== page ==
Editorial: At what point will the province listen?
Many individuals were once again left shaking their heads as news broke Friday that the province will be moving the Simcoe-Muskoka District Health Unit into the red colour zone in a few days.
They were shaking their heads because they’ve been paying attention to the province’s zoning requirements and know that if Muskoka was being treated fairly, the region would be in the yellow or green zones.
The province indicated an improvement on several fronts – including lower transmission of COVID-19, improving hospital capacity, among others – as to why the lockdown and stay-at-home-orders will be lifted on February 16.
While I’m sure there are those who are happy to see us moving into the red zone again, those with common sense and community interests are looking at it as another case of being dragged down by our southern neighbours.
As of 2 p.m. on Friday, February 12, the health unit was reporting a total of 21 active cases of COVID in Muskoka (four in Huntsville, five each in Bracebridge and Gravenhurst, and seven in Muskoka Lakes). However, some of those are cases which date back to January and should be recovered soon.
There have been only eight new cases in February so far, that’s over 12 days of reporting.
These numbers are among an approximate population of 61,000 (although the next Census will certainly show that number has greatly risen).
What does that have to do with anything? Well, considering the factors involved in getting a yellow zone rating – and a lot less restrictions – is having a weekly incidence rate of 10 to 24.9 per 100,000, and positivity percentage of 0.5 to 1.3 per cent.
There are other thresholds regarding outbreaks, hospital spaces and more. If you do the math and check up on the other indicators, we’re not only easily in the yellow zone, but we’re closer to be in a green zone than we’re being made to believe when put in the red.
This also brings up the prudent point of Muskoka being considered a separate entity from Simcoe during COVID, and perhaps even after the pandemic.
There are many reasons why this should be the case, including geographic and economic similarities with the near north, political affiliations, and more.
Oh, I know I’ve made this point before, but it needs to be reiterated as much as possible because even after this pandemic is over, Muskoka’s elected officials need to ensure our region’s health, education and political maps align with each other.
We can no longer be associated with three separate regions for the most important aspects of our public services: Simcoe for health, Kawartha and Haliburton for the school board, and Parry Sound for our provincial and federal representatives.
What’s funny to me is the number of people who still think Muskoka being attached to Simcoe during the pandemic is a good idea.
Their most common argument against the separation of Muskoka from Simcoe in terms of COVID colour zones is people traveling from more restrictive zones to this region.
Newsflash, they’re already doing that and even circumvented stay-at-home orders to travel here.
Ask anyone who has been to Arrowhead Park for a hike in the last couple of months.
Ask business owners who have had to deal with the most idiotic questions, including one from a couple which wondered if they could sit at a table in a restaurant set up near a window despite signage – and provincial orders – to the contrary.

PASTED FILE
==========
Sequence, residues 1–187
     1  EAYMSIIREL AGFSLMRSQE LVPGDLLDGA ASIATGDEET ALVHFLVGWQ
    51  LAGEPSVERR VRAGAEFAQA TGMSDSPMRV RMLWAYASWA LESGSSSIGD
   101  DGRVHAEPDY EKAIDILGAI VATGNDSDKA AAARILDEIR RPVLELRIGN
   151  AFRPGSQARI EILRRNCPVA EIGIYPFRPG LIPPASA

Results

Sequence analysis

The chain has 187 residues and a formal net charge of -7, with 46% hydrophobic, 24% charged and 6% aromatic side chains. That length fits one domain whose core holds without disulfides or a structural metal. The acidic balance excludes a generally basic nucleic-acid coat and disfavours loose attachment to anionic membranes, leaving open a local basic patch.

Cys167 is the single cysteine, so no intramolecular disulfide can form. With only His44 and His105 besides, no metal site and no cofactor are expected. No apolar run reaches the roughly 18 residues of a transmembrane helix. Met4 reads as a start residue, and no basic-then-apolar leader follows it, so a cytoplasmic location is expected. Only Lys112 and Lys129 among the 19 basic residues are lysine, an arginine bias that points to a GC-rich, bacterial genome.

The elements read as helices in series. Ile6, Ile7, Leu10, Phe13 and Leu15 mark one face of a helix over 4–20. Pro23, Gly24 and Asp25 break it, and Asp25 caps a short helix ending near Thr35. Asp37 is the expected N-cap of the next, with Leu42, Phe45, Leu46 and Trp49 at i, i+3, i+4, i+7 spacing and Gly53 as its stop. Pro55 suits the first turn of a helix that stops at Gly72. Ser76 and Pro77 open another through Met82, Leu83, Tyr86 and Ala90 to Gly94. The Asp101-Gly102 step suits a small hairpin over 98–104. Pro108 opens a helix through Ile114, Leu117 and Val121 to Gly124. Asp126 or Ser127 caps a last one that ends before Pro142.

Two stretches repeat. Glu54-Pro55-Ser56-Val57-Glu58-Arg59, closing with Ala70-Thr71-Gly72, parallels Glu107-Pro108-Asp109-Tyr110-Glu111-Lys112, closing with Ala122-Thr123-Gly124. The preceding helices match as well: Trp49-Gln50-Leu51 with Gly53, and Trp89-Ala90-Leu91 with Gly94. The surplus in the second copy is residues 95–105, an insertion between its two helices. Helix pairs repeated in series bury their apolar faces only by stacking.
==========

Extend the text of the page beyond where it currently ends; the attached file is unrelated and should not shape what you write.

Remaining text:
Ask the local outfitters who are renting equipment to clueless people in the middle of the day.
And the list could go on. The point being, that the argument against having separate colour zones for Simcoe and Muskoka holds no weight whatsoever.
Those who chose to stay at home and be safe will continue to do so, while those who feel that they need to travel will continue to do so.
Red zones, yellow zones, green zones … it doesn’t change the mentality of people; it doesn’t change the fact people have continued to travel to Muskoka from out of region since the first so-called “lockdown.”
It doesn’t change the fact a horde of Panicky Pandemic Property Purchasers (aka quadruple P’s) have sent the real estate market into an unsustainable feeding frenzy.
But what giving Muskoka the appropriate yellow or green rating does do is allow businesses to start digging themselves out of a suffocating financial situation that was thrust upon them.
It allows restaurants to open their doors and employ staff, albeit in a safe manner with proper protocols.
It allows community sports organizations to provide activities to youth and adults, again using proper protocols.
It allows tourists to visit, spend money and not feel like they’re the scourge of the earth for doing so.
It allows us to start feeling like people again by being able to do so many of the things we love to do … and of course we’ll be safe while doing them.
I know Bracebridge Mayor Graydon Smith recently brought this point up again to the province, along with many other municipal representatives, chambers of commerce, businesses and individuals.
To them I say, keep up the good work and continue to pursue this issue with the province – yesterday, today and in the future. It may not have an immediate affect, but we must at all costs fix this situation.
Muskoka must be treated as the distinct area it is, and not be tossed aside or lumped in with so many different regions that we are constantly fighting battles for our rights on a variety of fronts.
If the current party in charge won’t listen and make the necessary changes, perhaps we need to start thinking about which party will, and let our frustrations be heard the next time we head to the polls.
By Chris Occhiuzzi, for HuntersBayRadio.com